“The primary thought I have as it relates to fear doesn’t necessarily have to do with myself, it has to do more with anybody who’s not been infected, had COVID, recovered and doesn’t have immunity, because I do worry. … As much as I know that the NBA is going to do absolutely everything in their power to make this environment as safe as possible, the fact of the matter is the ultimate bad outcome remains a possibility. There’s inherent risk that everybody who goes down to Orlando assumes, and how you work that out in your own mind is a very personal choice. And I don’t think we should criticize, judge or in any way, shape or form have negative feelings for those who express concern, because it’s legitimate and it’s real.”

Burke also offered her thoughts on several notable figures around the league in the interview, including Gregg Popovich, Mark Jackson and Zion Williamson.

Here are some other notes related to the NBA’s hiatus:

  • Mavericks owner Mark Cuban is advocating for the NBA to keep a permanent schedule change, as detailed by The Dallas Morning News. The league is settling on a late July restart with much of the typical offseason festivities set to happen in October, though next season’s schedule is largely unknown at this time.
  • The 88 total seeding games in Orlando will count toward the regular season statistics, ESPN’s Bobby Marks tweets. However, games as of March 11 will be used for any player that has bonuses in their contract.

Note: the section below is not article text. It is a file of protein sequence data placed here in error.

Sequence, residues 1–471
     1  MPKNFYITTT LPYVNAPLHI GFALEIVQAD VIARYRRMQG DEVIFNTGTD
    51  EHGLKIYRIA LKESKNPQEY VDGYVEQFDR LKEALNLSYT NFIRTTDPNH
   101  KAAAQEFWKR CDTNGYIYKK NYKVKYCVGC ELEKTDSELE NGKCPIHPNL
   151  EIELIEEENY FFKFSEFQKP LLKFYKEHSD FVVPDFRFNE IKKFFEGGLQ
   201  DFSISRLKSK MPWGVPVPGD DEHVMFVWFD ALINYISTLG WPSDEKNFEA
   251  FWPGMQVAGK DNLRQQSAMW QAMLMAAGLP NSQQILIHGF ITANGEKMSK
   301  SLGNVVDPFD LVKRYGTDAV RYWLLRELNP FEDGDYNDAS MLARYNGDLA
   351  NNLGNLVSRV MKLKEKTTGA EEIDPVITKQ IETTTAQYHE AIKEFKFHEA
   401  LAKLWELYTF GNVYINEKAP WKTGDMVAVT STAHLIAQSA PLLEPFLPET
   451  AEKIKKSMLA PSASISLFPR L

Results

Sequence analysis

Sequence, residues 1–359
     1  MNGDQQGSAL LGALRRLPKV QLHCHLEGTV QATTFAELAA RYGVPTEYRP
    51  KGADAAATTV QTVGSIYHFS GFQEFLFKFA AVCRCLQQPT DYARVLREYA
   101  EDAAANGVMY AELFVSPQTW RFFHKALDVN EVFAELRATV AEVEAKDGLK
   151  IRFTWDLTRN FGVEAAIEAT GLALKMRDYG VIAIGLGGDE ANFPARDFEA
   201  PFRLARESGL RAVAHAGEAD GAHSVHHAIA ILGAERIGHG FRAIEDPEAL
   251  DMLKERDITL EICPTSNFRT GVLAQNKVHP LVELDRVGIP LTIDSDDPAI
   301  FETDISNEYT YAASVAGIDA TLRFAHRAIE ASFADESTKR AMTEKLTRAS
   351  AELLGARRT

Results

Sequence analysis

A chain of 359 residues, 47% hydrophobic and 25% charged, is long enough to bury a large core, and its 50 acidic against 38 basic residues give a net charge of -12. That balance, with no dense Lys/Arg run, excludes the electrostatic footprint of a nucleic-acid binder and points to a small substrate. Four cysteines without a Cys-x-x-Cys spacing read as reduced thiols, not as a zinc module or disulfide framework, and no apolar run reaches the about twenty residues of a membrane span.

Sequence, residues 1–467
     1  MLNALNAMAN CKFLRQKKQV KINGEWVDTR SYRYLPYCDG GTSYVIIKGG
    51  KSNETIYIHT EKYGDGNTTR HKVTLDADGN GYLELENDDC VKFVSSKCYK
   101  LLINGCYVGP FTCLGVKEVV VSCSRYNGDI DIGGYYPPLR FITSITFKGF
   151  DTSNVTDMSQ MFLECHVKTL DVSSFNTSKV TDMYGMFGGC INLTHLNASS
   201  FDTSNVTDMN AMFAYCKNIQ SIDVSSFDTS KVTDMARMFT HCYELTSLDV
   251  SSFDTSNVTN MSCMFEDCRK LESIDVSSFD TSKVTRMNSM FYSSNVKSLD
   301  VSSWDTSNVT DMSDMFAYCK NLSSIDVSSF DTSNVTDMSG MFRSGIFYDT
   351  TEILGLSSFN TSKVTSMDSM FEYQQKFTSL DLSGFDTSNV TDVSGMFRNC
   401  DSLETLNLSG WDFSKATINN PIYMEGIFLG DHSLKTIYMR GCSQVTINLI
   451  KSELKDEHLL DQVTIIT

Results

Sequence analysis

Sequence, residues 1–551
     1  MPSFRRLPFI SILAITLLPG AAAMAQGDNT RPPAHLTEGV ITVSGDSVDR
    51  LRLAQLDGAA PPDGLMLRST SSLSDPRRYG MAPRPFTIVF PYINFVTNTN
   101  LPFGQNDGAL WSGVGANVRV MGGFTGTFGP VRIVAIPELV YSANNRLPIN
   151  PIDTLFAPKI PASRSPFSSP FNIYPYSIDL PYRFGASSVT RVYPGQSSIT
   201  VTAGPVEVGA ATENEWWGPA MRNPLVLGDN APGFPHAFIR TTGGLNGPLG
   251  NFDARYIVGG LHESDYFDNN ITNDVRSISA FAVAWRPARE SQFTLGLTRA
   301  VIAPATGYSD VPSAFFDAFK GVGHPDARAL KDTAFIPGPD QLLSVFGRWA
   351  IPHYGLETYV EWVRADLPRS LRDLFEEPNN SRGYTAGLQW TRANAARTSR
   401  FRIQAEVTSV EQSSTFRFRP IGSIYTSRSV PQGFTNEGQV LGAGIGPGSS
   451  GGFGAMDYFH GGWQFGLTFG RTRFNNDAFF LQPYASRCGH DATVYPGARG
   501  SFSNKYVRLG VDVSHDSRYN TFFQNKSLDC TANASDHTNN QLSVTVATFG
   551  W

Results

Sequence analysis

• Mark Medina of USA Today examines how Disney employees will work inside the NBA’s bubble when the league resumes in Orlando. The first games are set to commence during the final week of July, with the NBA under pressure to ensure that protocols are followed and safety is prioritized.

Courtney Lee Plans To Join Mavericks In Orlando

  • Despite suffering a calf injury that will likely end his season, Courtney Lee plans to accompany the Mavericks to Walt Disney World, tweets Marc Stein of The New York Times. Lee provides a veteran presence in the locker room and could be valuable to the team even if he doesn’t play. Because Willie Cauley-Stein opted not to play in Orlando, Dallas won’t need to create an opening to add Trey Burke, so Lee may remain on the roster (Twitter link).

Pelicans-Jazz Begins NBA Restart On July 30

The Pelicans and rookie star Zion Williamson will face the Jazz on July 30 at 6:30 p.m. ET in the first game of the NBA’s restart, the league announced on Friday.